Alex Hunter talks about career changes after becoming a mother.
I have so many talented, amazing, inspiring friends who were all high-flying career women in different and varied sectors before they had their beautiful babies. Almost all of them no longer have the same careers now they have children and if they are, they are working the same number of hours under the guise of part time employment and they’re earning less for the privilege. I can only think of two who are working in exactly the same way post children and they both have exceptionally supportive partners.
When I was on maternity leave, I questioned for the first time whether or not I could continue doing what I had always done, and loved. The logistics alone (an hour and a half commute each way) when I considered childcare hours were daunting. My priorities had changed and I knew that I needed to do something that was more child friendly, something that was more logical for my baby.
My whole life was flipped upside down through separation 20 months ago and that enabled me to really think about what I was going to do for a living. Being a single parent means you don’t have someone to pick things up for you if you’re working late, or have flu and so I knew I needed a career that would fit around and grow with Seb as much as possible. My child is the most important thing in my world so I wanted my future work to allow me the most possible time with him. I have thought about teaching for about 10 years, I have volunteered with children’s charities to scratch the itch, but teaching always felt like a dream I could not afford living in London. When I moved back to Oxford, I knew I could make it a reality. Seb’s education matters more to me than almost anything else and so I knew that if I became a teacher, I could help him tremendously with his schooling as well as having all of his holidays together.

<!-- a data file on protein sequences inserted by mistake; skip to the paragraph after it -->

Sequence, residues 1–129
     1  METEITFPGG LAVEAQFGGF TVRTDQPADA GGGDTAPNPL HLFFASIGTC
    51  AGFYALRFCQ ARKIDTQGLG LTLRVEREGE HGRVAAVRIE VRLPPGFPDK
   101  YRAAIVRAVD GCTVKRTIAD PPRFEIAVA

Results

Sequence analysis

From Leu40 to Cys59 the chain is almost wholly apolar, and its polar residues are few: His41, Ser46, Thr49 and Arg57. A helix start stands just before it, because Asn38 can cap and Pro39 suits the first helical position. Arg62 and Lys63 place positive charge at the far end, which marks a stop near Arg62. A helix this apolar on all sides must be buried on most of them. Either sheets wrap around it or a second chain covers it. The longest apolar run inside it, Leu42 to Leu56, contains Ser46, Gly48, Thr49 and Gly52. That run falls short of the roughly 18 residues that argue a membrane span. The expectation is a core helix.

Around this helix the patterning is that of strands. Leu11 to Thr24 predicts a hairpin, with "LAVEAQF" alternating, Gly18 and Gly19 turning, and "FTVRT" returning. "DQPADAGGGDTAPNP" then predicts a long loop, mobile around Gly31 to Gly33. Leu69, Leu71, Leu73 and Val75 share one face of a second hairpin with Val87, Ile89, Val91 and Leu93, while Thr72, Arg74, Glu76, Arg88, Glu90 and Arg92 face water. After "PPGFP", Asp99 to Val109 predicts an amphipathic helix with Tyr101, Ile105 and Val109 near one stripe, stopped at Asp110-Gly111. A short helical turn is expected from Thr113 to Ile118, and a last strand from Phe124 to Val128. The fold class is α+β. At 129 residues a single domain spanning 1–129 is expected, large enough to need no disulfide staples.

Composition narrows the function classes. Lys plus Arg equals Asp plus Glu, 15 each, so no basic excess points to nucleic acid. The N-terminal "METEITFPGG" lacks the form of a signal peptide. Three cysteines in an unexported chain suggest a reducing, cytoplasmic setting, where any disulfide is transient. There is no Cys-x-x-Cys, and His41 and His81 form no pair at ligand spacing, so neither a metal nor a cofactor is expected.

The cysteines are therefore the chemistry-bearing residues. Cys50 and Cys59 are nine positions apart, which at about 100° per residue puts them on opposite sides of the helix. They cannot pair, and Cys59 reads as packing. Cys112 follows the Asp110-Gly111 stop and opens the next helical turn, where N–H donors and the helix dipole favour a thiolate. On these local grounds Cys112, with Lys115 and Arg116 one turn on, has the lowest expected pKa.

Last summer I left the company I had helped build over seven years with very mixed emotions and a lot of tears. I waved a final goodbye to London, after a love affair with the city that had lasted for 16 years. In September, I walked back into university (14 years after I left) to start a 10-month PGCE in Primary Teaching. It has been intense, exhausting, expensive and utterly brilliant. I can honestly say I have loved almost every day of it, I have been challenged, humbled, stretched and satisfied in a way I couldn’t have imagined.
Walking out of your comfort zone into something entirely alien is immensely exhilarating and a little terrifying. In September I will have my own class of 30 children and I can’t wait to meet them. It’s not all roses of course, I have had a never-ending cold for six months through being run down and I’ll earn less in September than I did when I started my first job after my degree. But I have a two month summer hanging out with Seb ahead of me, I’ll have this every year and I know that I’ll always be able to help him develop with his education. Have the snot, pressure and stresses been worth it? Absolutely!